3DP Applications

CRP USA powers USABS to victory with innovative 3D printed components

US-based 3D printing company CRP USA has partnered with the USA Bobsled/Skeleton team (USABS) to develop a novel bobsled design for the 2026 Olympic Winter Games.

The partnership between CRP USA and USABS originated through a connection with a local carbon fiber products company. In this collaboration, CRP USA assumed the role of supplying USABS with 3D printed functional parts designed specifically for racing bobsleds. Crucial elements, including push handles, hand grips, and seats, were developed using CRP’s Windform family of high-performance materials. These components play a pivotal role in optimizing the performance of bobsleds and ensuring the safety of athletes.

“The big advantage of 3D printing for the USA Bobsled/Skeleton team is that no mold’s need to be made,” said Marc van den Berg, Technology and Equipment Lead for USABS. “So a huge amount of time is saved and the costs remain much lower. Not to mention a much faster delivery of the parts because no mold is required. The 3D process also has many advantages because more complex parts can be made.”

USABS headquarters, push handles, definitive version, during the assembly phase. Photo via USABS.
USABS headquarters, push handles, definitive version, during the assembly phase. Photo via USABS.

Improved precision on ice

One of the primary challenges faced by the USABS team was the need to comply with strict regulations governing the shapes and dimensions of bobsled components. van den Berg emphasized that meeting these regulations while simultaneously addressing stress resistance was important. The forces exerted on a bobsled during the start of a race, coupled with the potential for crashes, demanded flexible and robust materials to prevent part breakage.

Carbon fiber-filled composites from CRP Technology dubbed Windform XT 2.0 and Windform SP, emerged as optimal materials for the 3D printed bobsled parts. The partnership allowed for the rapid production of push handles, hand grips, and seats without the need for expensive molds, enabling the USABS team to conduct multiple tests, iterate designs, and make necessary modifications swiftly.

In the evaluation of these specific components, CRP USA conducted a thorough assessment that ultimately pinpointed Windform SP as the most suitable construction material. This determination was based on its noteworthy characteristics, including remarkable resistance to shock, vibrations, and deformation. Some of the key properties highlighting its suitability include a density of 1.106 g/cc at 68 °F and 20 °C, a melting point of 380 °F and 193.3 °C, a Heat Deflection Temperature (HDT) of 1.82 Mpa at 368 °F and 186.5 °C, and a tensile strength of 11000 psi and 76.10 Mpa. Additionally, Windform SP boasts an elongation at break of 11.38%, underscoring its versatility and strength.

“The athletes have waited a long time to get back on the ice and begin competing,” says Curt Tomesevicz, Director of Sport Performance for USABS. “So, it was very rewarding to see so many great results. It is the reward of a lot of hard work in the off-season.”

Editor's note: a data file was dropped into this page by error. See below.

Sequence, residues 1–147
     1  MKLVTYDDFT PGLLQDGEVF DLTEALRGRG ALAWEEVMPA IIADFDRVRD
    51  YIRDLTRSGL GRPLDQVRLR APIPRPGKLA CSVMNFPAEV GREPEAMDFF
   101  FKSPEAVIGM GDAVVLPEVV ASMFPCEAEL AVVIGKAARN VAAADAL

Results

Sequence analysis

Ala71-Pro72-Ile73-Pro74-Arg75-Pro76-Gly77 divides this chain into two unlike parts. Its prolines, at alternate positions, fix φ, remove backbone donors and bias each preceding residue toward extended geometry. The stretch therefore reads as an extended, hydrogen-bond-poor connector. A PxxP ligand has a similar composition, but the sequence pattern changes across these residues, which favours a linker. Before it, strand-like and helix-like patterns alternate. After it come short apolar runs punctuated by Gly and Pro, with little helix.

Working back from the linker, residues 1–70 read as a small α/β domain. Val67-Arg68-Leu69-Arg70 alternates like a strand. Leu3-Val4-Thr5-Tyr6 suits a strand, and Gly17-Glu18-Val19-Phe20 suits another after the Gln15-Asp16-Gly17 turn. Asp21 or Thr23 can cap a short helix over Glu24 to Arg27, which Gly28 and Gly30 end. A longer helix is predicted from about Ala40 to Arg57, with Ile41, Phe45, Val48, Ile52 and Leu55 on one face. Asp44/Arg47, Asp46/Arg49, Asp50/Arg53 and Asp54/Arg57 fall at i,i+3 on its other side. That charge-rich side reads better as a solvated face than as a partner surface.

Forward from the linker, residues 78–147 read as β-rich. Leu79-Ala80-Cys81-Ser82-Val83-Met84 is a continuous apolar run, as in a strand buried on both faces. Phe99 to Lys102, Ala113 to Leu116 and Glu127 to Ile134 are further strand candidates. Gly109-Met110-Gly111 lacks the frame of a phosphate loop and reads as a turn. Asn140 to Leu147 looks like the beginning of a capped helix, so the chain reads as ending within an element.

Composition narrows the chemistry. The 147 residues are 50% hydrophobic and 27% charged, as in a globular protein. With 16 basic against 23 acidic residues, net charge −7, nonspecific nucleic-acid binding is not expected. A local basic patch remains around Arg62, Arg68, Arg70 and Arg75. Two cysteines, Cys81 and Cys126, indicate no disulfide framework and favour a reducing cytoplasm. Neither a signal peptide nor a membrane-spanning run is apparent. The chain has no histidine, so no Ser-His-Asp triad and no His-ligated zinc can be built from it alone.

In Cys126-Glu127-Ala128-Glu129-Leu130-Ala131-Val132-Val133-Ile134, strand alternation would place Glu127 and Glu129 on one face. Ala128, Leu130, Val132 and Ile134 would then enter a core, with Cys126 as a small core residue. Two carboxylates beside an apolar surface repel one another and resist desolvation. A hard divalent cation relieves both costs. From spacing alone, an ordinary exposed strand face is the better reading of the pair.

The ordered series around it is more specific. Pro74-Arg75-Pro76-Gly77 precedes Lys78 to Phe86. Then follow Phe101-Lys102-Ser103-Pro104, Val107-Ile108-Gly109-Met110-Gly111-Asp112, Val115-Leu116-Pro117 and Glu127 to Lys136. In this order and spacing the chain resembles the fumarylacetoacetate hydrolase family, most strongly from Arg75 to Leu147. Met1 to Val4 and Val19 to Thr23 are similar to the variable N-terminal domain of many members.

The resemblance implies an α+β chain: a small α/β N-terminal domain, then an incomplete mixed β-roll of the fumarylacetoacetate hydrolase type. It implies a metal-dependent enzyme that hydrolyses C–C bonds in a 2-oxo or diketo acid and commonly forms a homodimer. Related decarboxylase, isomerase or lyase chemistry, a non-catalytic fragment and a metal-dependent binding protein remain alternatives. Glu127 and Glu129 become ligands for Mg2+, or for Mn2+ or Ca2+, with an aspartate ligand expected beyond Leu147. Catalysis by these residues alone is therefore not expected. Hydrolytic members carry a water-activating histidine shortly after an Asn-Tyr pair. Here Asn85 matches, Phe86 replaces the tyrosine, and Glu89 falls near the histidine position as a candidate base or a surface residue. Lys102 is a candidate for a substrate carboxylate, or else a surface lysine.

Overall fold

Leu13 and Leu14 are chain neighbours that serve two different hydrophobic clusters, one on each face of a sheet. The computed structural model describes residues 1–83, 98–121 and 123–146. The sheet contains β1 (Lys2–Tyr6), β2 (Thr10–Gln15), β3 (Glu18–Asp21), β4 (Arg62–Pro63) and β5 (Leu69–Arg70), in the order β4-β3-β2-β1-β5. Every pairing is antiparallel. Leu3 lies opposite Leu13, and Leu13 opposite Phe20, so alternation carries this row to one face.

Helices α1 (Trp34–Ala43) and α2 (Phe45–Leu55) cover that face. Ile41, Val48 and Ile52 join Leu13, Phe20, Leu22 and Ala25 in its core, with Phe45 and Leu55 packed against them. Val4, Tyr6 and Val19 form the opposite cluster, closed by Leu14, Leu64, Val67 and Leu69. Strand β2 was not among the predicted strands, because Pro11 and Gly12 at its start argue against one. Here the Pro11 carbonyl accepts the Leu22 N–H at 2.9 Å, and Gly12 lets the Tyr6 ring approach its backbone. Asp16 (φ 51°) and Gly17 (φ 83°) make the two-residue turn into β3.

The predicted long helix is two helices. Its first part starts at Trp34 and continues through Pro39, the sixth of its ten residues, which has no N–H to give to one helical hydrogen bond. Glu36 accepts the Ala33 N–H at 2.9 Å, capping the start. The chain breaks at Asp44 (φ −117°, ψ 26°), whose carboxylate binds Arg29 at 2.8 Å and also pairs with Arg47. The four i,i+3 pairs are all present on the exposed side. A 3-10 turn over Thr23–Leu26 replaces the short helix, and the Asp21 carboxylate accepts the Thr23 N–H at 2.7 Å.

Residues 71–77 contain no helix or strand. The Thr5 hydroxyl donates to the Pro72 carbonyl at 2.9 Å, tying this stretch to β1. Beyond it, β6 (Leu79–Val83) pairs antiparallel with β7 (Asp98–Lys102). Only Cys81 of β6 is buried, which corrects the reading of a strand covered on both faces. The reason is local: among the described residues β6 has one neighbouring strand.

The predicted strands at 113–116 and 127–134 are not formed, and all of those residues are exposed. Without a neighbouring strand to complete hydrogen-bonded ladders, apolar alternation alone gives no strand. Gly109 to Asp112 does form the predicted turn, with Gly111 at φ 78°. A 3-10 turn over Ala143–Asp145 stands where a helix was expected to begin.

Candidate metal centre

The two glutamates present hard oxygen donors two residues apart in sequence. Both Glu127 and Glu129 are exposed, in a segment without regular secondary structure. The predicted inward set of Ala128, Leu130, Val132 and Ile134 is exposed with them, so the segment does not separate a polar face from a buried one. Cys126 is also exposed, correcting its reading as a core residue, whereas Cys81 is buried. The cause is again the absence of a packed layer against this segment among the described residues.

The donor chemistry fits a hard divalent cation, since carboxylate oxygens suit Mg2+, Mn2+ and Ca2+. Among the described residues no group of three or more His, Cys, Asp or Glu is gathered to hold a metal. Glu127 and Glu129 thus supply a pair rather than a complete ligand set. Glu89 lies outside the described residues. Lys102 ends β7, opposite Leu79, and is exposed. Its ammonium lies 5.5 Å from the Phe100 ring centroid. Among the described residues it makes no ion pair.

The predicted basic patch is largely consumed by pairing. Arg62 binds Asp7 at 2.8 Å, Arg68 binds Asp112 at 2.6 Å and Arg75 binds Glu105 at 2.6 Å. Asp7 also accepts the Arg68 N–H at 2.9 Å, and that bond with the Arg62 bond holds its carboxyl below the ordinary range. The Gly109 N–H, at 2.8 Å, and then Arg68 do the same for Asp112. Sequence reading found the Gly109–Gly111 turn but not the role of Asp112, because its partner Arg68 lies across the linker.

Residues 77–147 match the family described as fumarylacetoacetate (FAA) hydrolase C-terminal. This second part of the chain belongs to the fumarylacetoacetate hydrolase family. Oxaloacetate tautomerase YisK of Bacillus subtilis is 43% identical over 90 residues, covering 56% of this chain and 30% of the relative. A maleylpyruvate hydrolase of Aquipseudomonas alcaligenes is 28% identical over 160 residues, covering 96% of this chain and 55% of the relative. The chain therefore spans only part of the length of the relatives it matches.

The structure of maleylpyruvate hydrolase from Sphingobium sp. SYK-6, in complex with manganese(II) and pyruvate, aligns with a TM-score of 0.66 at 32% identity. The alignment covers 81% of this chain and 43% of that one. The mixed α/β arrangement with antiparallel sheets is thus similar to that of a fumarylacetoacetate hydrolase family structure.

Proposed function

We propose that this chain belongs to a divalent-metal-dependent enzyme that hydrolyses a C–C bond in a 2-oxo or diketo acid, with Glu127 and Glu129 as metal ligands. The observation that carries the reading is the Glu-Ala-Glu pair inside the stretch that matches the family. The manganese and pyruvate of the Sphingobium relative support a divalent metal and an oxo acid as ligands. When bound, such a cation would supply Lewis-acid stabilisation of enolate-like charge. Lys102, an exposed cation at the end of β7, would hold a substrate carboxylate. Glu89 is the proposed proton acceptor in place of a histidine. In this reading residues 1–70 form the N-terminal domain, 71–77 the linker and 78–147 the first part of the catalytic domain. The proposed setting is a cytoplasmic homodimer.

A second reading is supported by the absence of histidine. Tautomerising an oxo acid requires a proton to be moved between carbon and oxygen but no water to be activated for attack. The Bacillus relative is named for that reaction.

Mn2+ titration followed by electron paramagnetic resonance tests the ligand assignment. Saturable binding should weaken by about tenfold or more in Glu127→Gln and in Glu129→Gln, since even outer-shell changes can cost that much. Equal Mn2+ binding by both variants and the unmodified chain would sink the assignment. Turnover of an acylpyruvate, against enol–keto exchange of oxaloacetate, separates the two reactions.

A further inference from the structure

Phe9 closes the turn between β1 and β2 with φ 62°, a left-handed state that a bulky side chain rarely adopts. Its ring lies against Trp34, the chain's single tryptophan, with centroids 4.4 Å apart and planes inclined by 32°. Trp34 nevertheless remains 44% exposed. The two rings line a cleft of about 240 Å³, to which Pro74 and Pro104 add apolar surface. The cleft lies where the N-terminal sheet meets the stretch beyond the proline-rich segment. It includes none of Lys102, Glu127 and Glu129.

Expressing satisfaction with the collaboration, Marc van den Berg highlighted the efficiency of the 3D printing process. The speed of execution and delivery by CRP USA allowed the team to thoroughly test the components for stress resistance and ergonomics, ultimately achieving optimal results.

The 3D printed bobsled parts debuted at the IBSF North American Cup (NAC) in November 2023, marking a significant moment in winter sports, says the company.

Push handle, definitive version, finished and ready to be assembled. Photo via USABS.
Push handle, definitive version, finished and ready to be assembled. Photo via USABS.

3D printing playing a significant role in the sports industry

Bauer Hockey collaborated with 3D printer manufacturer EOS to develop personalized 3D printed hockey helmets through the MyBauer custom equipment program. Leveraging EOS’s patented Digital Foam technology, players’ head scans generate digital files, and Selective Laser Sintering (SLS) produces custom helmet inserts. This partnership aligns with Bauer’s pursuit of mass customization, using Digital Foam to enhance safety, comfort, and breathability in lightweight helmets.

Australian sailing team secured a gold medal in sailing at the Tokyo Olympics, where a 3D printed rudder blade suspension played a pivotal role. Fehrmann Alloys, an aluminum specialist, employed its AlMgty alloy to create the suspension. AlMgty, a high-performance aluminum alloy designed for 3D printing and casting, was chosen for its strength and corrosion resistance. The suspension, successfully tested for durability in various sea conditions, contributed to the team’s success in the 470 class at the Tokyo 2020 Olympics.

Read all the 3D Printing Industry coverage from Formnext 2023.

What does the future of 3D printing for the next ten years hold?

What engineering challenges will need to be tackled in the additive manufacturing sector in the coming decade?

To stay up to date with the latest 3D printing news, don’t forget to subscribe to the 3D Printing Industry newsletter or follow us on Twitter, or like our page on Facebook.

While you’re here, why not subscribe to our Youtube channel? Featuring discussion, debriefs, video shorts, and webinar replays.

Are you looking for a job in the additive manufacturing industry? Visit 3D Printing Jobs for a selection of roles in the industry.

Featured image shows USABS team with Brian Shimer, Head coach; Curt Tomasevicz, High Performance Director; Marc van den Berg, Technology and Equipment Lead at CRP USA’s headquarters in the day of the wind tunnel test. Photo via USABS.